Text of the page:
“If you become part of the suffering, you’d be entirely lost.”

These poignant words, taken from perhaps the most famous diary of the 20th Century, have been set to music by James Whitbourn as part of his oratorio Annelies, which will be performed by the Chelmsford Singers (Musical Director James Davy) on Saturday 28 March in Chelmsford Cathedral.

Taking Anne’s own words (later published as The Diary of a Young Girl) as its starting point, the libretto paints a moving musical picture of the family’s life in hiding up to the point of their discovery and capture.
By turns dramatic and mundane, cheerful, thoughtful and fearful, Anne’s words reach out from their confined origins to touch the heart, especially in this effective musical setting. There will be a chance to hear from composer James Whitbourn in a pre-concert talk at 6.45 pm.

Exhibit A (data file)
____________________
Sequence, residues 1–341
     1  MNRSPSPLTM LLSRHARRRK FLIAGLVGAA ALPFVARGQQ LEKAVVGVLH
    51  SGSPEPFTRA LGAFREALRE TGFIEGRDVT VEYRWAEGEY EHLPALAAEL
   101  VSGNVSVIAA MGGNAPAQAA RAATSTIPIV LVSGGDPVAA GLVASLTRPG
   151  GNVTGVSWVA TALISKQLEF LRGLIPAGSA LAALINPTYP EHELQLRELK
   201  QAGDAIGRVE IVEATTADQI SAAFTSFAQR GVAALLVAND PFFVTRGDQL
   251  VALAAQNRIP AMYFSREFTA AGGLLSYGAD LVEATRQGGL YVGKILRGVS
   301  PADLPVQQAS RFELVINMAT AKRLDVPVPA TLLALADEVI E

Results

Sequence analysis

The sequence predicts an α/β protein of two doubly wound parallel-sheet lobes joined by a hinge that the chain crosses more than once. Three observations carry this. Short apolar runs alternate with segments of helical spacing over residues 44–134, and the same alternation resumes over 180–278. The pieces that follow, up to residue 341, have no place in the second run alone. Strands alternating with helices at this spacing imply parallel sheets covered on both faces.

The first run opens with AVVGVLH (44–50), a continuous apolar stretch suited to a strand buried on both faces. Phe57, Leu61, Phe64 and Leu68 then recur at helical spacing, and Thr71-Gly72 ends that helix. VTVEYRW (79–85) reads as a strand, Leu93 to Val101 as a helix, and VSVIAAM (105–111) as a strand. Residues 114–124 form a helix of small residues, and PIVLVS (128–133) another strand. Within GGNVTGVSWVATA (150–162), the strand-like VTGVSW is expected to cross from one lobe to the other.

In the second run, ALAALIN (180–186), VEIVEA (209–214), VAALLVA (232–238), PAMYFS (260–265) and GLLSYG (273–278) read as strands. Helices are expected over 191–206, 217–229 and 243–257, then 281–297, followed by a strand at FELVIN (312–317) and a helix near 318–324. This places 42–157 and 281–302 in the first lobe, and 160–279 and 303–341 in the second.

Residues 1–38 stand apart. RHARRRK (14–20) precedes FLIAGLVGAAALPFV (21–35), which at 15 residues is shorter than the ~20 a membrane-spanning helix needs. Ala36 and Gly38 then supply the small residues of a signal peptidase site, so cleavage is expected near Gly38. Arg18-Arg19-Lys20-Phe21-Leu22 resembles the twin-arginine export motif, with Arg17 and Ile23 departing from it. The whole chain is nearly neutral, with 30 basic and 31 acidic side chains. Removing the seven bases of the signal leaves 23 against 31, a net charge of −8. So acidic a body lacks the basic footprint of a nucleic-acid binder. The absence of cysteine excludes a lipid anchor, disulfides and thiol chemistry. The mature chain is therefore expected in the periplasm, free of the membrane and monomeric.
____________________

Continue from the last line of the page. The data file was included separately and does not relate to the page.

The concert will also feature excerpts from Olivier Messiaen’s Quartet for the End of Time, and Richard Tanner’s Prayer for Peace. It marks seventy years since the end of WWII and the death of Anne and her sister Margot in the Bergen-Belsen concentration camp in March 1945.

Our soloists are Nicola Howard soprano, Joy Farrall Clarinet, David Juritz Violin, Adrian Bradbury ‘Cello, and Tim Carey Piano.

On Friday 27th March at 2 pm, Mala Tribich, a Holocaust survivor, will be speaking at a public event to tie in with the concert. Lasting about one hour, the talk will be followed by an opportunity to ask questions. Admission to the talk will be free & the chance to hear from someone who underwent many of the same experiences as Anne Frank should not be missed.


Annelise poster AH